Effectiveness and Adverse Effects of Tranexamic Acid in Bleeding during Adenotonsillectomy: A Randomized, Controlled, Double-blind Clinical Trial
International archives of otorhinolaryngology. 2021;25(4):e557-e562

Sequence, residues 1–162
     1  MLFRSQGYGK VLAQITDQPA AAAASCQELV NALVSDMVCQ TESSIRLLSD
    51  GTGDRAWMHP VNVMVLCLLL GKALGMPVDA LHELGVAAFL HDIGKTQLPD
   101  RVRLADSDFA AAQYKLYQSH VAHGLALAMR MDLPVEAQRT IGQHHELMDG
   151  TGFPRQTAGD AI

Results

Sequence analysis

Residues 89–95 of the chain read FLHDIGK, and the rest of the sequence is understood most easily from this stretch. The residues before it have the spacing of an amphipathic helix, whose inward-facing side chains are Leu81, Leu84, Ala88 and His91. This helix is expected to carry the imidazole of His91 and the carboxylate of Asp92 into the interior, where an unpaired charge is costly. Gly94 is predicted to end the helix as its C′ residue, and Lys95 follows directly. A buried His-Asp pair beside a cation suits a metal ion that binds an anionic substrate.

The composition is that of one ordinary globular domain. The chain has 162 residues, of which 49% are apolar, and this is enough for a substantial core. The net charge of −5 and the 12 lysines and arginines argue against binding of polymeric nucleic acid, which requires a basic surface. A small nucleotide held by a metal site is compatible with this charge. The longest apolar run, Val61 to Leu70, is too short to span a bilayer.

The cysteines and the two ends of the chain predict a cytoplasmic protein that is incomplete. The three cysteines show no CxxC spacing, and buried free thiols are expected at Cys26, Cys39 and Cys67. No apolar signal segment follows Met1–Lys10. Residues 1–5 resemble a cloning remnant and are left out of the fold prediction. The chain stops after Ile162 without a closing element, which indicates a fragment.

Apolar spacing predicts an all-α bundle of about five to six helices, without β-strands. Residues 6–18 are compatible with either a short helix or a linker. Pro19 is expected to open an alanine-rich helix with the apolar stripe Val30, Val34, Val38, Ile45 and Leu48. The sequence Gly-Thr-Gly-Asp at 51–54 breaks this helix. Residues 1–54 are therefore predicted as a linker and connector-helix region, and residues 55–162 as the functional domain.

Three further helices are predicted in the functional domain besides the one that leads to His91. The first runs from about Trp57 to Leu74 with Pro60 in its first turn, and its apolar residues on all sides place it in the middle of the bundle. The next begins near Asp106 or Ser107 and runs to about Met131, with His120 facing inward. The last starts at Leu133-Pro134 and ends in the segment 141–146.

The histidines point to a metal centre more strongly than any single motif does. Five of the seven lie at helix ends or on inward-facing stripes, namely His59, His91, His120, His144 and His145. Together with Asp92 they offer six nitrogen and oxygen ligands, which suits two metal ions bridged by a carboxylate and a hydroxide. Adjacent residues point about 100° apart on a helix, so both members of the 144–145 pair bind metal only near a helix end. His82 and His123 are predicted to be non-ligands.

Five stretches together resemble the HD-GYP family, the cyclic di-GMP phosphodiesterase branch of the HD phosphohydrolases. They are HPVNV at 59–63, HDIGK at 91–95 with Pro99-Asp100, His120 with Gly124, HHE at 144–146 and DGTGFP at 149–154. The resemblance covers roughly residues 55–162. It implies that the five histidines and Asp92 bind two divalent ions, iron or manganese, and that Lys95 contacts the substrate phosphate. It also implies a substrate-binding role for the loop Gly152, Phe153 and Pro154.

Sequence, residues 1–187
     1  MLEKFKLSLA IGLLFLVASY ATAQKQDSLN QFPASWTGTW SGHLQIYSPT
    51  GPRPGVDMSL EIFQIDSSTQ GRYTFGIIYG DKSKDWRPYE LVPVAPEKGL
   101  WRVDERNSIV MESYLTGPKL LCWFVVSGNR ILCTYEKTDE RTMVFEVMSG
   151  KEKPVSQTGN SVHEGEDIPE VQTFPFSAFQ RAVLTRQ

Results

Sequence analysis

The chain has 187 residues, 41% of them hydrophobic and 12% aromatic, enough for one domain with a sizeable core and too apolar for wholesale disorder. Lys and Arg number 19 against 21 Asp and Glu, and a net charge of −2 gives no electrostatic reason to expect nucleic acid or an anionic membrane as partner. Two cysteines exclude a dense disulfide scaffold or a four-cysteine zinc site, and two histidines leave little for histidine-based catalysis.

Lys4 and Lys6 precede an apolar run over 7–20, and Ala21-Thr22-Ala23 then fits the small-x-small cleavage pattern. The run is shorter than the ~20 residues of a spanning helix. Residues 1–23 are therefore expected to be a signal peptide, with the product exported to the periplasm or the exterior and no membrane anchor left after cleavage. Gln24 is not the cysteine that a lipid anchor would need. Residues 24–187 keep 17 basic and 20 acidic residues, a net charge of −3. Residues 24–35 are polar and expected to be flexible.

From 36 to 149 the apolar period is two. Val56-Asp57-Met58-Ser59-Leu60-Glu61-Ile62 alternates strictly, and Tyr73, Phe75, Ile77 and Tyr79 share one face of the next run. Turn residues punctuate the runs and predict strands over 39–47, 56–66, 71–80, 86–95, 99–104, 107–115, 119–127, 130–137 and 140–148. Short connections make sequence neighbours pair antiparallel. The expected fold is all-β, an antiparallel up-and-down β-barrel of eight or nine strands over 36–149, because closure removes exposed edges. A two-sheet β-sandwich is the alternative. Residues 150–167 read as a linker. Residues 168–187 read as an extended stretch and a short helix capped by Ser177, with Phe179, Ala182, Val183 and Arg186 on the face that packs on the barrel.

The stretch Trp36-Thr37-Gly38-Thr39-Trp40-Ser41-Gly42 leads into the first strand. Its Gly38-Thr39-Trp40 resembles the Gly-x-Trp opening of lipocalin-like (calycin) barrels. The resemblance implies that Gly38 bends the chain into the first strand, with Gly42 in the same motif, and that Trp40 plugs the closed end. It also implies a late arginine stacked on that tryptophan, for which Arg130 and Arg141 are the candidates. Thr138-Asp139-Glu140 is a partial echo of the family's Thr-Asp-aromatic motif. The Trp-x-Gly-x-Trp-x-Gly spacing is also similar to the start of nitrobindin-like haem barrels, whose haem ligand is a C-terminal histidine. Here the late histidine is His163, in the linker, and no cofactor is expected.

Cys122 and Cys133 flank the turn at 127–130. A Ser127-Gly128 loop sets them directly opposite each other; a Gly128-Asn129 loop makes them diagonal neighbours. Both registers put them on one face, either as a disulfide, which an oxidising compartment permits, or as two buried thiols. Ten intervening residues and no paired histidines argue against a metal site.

Introduction Intra and postoperative bleeding are the most frequent and feared complications in adenotonsillectomy (AT). Tranexamic acid (TXA), which is known for its antifibrinolytic effects, has a proven benefit in reducing bleeding in hemorrhagic trauma and cardiac surgery; however, the effectiveness and timing of its application in AT have not yet been established. Objectives We aimed to evaluate the efficacy of TXA in controlling bleeding during and after AT and assess its possible adverse effects in children. Methods The present randomized, controlled, double-blind clinical trial included 63 children aged 2 to 12 years. They were randomly assigned to receive either intravenous TXA (10 mg/kg) or placebo 10 minutes before surgery. The volume of intraoperative bleeding, presence of postoperative bleeding, and adverse effects during and 8 hours after the surgery were assessed. Results No difference in bleeding volume was noted between the 2 groups (mean, 122.7 ml in the TXA group versus 115.5 ml in the placebo group, p = 0.36). No intraoperative or postoperative adverse effects were noted because of TXA use. Furthermore, no primary or secondary postoperative bleeding was observed in any of the participants. Conclusion In our pediatric sample, TXA (10 mg/kg) administration before AT was safely used, without any adverse effects. It did not reduce the bleeding volume in children during this type of surgery. Future studies should assess the use of higher doses of TXA and its administration at other time points before or during surgery.